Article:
Last month, the Census Bureau released long-awaited 2020 population data showing that—for the first time—the nation’s white population declined across the previous decade. Cue the fears of “white replacement” stoked by Donald Trump and many of his followers, who advanced a culture war that now stands at the core of our politics.
However, America’s white population could be facing a different kind of fear—one that is demographic rather than cultural. This is the specter of living in a slow-growing, fast-aging, and less productive nation, where government support for older generations dwindles due to a shrinking tax base. Not only is the white population declining, but it is also getting older, as the large baby boomer generation continues to enter its post-labor-force ages.
Yet the new census data tells us that help is on the way in the form of new growing generations made up of people of color. What these people—who identify as Latino or Hispanic, Asian American, Black, Native American, or two or more races (including whites)—represent is the new engine of population growth, with an emphasis on youth.
One less flashy finding from the 2020 census is the fact that America’s under-age-18 population declined nationally (by 1 million) and in 27 states during the 2010s. At the same time, the 65- to 74-year-old population is estimated to increase by almost half. This suggests that that we could be facing high levels of what demographers call “age dependency,” in which the number of seniors starkly rises in relation to the people of working ages who must support them through taxes and national productivity. It is a far cry from the years when baby boomers themselves were young: In 1960, people under age 18 made up a whopping 35% of the U.S. population, dipping now to just 22%.
The decline in the number of white young people has been the major cause of this youth population loss. Most of the overall white population decline between 2010 and 2020 occurred among those under age 18 (-5.1 million)—the result, in large part, of fewer births to an aging population. In fact, there was already a loss of white youth in the previous decade such that, over the first 20 years of this century, the white young population declined by over 9 million while the white baby boomer generation continued to age.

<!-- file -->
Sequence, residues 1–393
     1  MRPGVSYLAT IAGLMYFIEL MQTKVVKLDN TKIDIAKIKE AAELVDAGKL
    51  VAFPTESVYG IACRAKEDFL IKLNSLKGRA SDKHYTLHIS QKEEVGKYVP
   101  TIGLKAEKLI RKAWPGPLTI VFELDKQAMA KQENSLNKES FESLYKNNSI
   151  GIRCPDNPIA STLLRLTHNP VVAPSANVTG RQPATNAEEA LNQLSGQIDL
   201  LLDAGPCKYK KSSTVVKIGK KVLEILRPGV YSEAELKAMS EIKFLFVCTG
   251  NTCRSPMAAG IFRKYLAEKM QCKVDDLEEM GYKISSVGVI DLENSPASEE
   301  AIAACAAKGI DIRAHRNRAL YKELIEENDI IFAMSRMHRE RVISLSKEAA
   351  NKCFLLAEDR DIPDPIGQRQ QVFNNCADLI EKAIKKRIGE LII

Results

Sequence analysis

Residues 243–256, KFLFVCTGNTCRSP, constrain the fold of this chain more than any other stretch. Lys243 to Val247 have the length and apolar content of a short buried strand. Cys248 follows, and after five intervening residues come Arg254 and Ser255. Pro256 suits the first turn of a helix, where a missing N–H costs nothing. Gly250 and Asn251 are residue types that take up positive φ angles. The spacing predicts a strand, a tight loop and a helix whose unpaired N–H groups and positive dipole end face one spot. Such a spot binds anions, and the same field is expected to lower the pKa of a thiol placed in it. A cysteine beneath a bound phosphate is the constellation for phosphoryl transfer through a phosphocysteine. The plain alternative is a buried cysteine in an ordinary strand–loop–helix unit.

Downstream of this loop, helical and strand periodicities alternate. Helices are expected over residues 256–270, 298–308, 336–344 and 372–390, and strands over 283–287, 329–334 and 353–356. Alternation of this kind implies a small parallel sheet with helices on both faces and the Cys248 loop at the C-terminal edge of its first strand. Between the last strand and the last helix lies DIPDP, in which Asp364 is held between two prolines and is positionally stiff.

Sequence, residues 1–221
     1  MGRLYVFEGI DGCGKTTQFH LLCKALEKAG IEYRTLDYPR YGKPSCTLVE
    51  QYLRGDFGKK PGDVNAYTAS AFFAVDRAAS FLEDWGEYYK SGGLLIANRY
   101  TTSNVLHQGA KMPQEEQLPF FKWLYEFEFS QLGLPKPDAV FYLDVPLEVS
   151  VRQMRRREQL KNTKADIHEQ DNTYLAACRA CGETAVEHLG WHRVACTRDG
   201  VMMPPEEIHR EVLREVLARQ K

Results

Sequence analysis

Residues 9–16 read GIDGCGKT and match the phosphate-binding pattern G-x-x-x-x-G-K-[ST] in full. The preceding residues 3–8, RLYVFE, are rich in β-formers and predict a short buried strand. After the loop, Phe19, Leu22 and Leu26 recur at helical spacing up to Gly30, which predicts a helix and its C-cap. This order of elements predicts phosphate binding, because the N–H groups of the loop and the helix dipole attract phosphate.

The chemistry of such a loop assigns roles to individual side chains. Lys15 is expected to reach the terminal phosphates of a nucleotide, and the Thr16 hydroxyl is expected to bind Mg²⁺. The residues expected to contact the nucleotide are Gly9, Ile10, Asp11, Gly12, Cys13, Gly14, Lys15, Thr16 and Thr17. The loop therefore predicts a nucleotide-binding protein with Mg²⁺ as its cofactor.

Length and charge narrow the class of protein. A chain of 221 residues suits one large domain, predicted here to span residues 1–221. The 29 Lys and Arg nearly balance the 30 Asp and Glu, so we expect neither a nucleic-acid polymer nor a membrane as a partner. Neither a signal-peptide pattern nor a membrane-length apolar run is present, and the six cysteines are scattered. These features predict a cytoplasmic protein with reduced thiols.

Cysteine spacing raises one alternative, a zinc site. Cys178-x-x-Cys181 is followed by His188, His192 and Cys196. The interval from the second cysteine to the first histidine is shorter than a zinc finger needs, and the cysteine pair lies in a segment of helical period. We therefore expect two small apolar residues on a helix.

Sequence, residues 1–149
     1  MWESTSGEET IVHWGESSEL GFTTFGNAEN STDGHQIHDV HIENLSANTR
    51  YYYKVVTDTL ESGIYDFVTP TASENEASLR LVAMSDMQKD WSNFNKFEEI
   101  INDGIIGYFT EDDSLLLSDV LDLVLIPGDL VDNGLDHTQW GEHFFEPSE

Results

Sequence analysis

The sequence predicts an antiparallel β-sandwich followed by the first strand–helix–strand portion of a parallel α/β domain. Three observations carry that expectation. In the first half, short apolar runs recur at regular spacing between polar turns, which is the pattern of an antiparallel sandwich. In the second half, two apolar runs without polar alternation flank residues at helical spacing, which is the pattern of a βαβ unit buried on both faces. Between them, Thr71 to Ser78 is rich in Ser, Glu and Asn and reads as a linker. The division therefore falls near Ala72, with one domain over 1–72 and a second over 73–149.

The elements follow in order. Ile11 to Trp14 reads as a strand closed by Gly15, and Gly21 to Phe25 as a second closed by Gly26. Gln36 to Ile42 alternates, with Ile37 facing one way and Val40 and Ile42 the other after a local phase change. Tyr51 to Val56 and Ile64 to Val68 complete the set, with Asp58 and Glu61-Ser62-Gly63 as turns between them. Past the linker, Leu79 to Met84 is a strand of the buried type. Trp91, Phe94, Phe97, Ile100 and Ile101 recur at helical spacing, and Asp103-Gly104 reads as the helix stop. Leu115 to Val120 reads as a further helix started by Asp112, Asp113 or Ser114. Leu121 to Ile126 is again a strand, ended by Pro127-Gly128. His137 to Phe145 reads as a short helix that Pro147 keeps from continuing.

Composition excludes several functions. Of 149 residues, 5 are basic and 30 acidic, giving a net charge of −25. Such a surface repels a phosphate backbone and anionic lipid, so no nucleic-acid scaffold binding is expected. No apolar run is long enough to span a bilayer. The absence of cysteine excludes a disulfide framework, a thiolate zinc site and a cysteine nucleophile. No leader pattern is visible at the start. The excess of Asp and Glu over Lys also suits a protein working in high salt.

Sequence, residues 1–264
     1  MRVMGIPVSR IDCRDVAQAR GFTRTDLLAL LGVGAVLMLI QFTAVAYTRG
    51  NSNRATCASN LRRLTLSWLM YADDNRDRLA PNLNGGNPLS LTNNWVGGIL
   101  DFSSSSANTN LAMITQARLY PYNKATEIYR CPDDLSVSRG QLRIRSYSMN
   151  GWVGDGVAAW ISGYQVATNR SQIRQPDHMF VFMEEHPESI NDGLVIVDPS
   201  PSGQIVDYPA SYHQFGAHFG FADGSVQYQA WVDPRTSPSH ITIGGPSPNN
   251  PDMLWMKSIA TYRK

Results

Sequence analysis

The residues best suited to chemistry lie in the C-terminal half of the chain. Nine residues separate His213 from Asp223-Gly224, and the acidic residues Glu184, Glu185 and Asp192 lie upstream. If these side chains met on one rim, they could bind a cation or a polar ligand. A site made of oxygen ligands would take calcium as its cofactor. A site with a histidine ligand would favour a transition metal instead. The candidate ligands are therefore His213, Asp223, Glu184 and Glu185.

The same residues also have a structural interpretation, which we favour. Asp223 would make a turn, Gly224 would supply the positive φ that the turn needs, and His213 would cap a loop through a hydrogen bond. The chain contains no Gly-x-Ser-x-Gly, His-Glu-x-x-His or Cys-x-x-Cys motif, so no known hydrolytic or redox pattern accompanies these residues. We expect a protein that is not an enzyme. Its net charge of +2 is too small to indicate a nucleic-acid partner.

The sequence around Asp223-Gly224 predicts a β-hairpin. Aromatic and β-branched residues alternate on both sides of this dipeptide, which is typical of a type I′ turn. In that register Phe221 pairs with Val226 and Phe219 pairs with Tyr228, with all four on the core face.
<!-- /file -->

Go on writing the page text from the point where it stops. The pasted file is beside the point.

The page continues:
What saved the nation from a spectacular loss of youth were contributions from young people of color. Because immigrants and their U.S.-born children, together, are younger than the rest of the population, recent decades’ immigration from Latin America, Asia, and elsewhere bolstered the size of the nation’s child population. The new 2010-20 census numbers show that Latino or Hispanic children, Asian American children, and children identifying as two or more races contributed most (over 4 million) to youth population gains.
For the first time, children of color now comprise more than half (53%) of the nation’s total youth population, as well as in 21 states. Population projections taken even before the 2020 census showed that more than half of the young labor force population will be nonwhite in 2030. Clearly, children of color have not only stemmed a sharp decline in the youth population but, as they age, will be driving most of the growth in the nation’s future labor force.
These are facts that fearful white Americans need to know. The nation continues be at the thrust of a significant age and generational change. Our child population, now experiencing flat growth, will be feeding into a modestly growing labor force that will need to support the rapidly growing senior population’s Social Security and Medicare needs as well the nation’s ongoing productivity. And the major engine of any future growth among the young is a new generation of children born into families of color—the largest groups of whom stand on the wrong side of rising race and ethnic inequalities, according to the most recent Annie E. Casey Foundation Kids Count report.
The 2020 census results ought not be used to scare segments of the white population as part of a political culture war. Rather, they should be cause for optimism among young and old alike, and enlightened leaders at all levels of government should use them to demonstrate the important demographic contributions that an array of racial and ethnic groups are bringing to our current and likely future demographic and economic growth. If we want an America that continues to uphold its obligations to older generations, we need to value and invest in our diverse youth.